A 5K monitor for MacBook owners
Screen size: 27-inch | Aspect ratio: 16:9 | Resolution: 5,120 x 2,880 | Brightness: 500 nits | Viewing angle: 178/178 | Contrast ratio: 1200:1 | Color support: 99% DCI | Weight: 14.11lbs
The closest thing to an official Apple monitor until the Cupertino company's 6K Pro Display XDR comes out, this 5K monitor is a thing of beauty (and not just because of how bright it can go). It comes equipped with an IPS panel and covers 99% of the DCI P3 gamut, making it an ideal choice for photographers or video editors seeking the best color accuracy. It uses a single USB-C port to transfer video and data the same time, which makes for a tidy setup; on the flip side its port selection is limited to three Thunderbolt 3 USB-C ports located around the back - so get your dongles at the ready.
The most affordable 5K monitor has few compromises
Screen size: 27-inch | Aspect ratio: 16:9 | Resolution: 5,120 x 2,880 | Brightness: 440 cd/m2 | Viewing angle: 178/178 | Contrast ratio: 1,200:1 | Color support: 99% sRGB | Weight: 8.2kg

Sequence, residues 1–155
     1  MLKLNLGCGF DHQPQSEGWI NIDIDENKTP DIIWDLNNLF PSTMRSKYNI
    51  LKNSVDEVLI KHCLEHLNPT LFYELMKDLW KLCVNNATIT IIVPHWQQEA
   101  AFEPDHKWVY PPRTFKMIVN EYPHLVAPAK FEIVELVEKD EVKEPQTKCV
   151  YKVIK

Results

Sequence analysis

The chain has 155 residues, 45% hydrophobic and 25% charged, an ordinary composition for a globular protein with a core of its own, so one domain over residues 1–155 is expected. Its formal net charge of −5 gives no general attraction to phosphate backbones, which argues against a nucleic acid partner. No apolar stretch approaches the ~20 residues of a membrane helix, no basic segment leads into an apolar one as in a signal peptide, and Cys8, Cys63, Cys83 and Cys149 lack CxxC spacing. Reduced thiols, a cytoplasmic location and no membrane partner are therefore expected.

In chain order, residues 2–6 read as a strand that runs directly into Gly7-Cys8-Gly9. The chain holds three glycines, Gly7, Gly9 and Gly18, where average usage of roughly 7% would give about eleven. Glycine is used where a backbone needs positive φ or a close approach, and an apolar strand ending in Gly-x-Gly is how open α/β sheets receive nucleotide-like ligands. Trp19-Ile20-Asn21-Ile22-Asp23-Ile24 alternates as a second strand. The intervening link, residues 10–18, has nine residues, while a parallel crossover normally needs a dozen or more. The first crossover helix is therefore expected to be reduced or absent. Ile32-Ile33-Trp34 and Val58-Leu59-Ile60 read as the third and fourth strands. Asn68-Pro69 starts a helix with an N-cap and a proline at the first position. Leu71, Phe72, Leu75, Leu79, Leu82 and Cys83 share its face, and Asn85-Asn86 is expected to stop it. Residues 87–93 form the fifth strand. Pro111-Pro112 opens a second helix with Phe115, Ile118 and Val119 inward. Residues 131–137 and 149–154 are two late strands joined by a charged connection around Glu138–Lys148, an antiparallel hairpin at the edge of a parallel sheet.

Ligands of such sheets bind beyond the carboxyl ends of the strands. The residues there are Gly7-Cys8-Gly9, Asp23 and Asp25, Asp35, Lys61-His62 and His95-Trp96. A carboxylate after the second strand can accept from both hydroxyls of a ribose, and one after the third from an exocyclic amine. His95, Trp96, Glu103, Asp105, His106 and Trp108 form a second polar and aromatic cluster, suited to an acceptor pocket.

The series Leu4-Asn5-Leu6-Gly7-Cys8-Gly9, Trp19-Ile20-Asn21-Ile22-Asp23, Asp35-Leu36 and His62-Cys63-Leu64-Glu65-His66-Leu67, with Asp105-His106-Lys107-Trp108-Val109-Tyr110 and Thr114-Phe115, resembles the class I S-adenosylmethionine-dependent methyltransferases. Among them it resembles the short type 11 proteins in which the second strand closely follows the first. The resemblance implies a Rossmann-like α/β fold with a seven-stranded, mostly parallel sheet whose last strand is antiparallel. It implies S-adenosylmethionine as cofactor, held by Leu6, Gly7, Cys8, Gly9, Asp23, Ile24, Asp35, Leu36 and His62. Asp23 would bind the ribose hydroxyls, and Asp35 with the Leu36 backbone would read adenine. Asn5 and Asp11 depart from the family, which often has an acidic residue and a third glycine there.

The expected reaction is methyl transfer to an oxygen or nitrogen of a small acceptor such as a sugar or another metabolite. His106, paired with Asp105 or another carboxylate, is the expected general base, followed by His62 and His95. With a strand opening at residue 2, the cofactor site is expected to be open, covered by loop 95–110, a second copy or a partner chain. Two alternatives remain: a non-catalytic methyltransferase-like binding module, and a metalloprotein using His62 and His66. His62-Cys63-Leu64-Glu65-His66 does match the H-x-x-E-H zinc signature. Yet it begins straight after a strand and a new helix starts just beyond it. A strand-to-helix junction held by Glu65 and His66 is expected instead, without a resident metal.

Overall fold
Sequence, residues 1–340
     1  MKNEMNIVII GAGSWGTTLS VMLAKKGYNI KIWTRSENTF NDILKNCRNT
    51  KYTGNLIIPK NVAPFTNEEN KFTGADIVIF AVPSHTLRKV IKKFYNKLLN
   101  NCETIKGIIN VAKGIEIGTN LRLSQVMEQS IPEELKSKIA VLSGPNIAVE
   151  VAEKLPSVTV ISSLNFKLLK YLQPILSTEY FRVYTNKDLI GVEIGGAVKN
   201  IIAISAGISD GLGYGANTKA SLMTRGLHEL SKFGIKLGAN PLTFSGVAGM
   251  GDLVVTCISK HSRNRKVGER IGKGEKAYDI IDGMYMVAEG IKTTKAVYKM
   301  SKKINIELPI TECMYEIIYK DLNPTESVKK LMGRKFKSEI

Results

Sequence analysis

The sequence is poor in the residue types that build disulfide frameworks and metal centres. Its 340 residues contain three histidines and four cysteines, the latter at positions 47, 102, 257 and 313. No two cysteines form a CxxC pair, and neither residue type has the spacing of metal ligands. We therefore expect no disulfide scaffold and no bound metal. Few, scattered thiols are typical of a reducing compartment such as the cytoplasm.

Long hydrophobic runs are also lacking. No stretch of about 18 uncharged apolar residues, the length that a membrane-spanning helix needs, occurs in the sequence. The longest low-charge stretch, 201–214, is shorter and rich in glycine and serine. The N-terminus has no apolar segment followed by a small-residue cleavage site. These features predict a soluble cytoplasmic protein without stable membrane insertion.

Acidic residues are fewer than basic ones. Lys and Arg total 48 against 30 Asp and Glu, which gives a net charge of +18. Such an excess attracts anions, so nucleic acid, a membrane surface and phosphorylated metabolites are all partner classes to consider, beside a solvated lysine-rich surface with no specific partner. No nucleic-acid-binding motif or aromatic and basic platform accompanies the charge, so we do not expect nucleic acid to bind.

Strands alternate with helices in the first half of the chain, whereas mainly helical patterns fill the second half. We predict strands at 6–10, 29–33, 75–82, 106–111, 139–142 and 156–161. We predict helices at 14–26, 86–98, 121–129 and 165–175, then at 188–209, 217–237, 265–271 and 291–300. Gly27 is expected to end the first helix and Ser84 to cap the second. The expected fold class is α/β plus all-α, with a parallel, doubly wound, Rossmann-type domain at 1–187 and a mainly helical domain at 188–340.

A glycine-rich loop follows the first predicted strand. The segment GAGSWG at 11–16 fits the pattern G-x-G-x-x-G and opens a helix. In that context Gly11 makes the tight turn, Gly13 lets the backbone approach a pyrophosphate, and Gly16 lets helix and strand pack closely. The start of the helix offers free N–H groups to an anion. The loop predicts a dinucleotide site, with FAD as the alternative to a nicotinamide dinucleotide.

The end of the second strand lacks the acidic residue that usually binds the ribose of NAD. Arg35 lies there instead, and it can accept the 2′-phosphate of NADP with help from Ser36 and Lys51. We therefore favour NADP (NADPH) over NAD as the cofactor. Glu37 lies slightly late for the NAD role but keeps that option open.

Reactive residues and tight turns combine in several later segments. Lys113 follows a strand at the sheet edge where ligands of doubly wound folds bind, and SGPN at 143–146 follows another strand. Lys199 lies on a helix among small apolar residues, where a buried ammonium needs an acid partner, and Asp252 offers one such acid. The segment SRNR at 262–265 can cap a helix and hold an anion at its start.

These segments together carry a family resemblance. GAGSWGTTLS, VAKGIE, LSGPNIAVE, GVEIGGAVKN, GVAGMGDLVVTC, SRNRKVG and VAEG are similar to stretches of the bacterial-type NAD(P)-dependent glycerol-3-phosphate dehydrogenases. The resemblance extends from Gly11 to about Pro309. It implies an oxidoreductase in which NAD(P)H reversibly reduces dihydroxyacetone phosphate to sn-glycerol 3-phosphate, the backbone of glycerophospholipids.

Delving into the world of 5K displays no longer means breaking the bank. The Liyama ProLite sacrifices some color accuracy to bring its price point down, meaning that photo or video editors need not apply. This model is more than adequate in other areas; it's a plenty bright monitor with a glossy panel which helps its vibrancy. It also features a fully adjustable stand that can pivot, tilt and even rotate 360-degrees (rather than the more common 180-degrees). You can even VESA mount the screen. Our only gripe is with its fiddly OSD settings which are found via buttons along the lower edge.
A great value 5K monitor with an IPS panel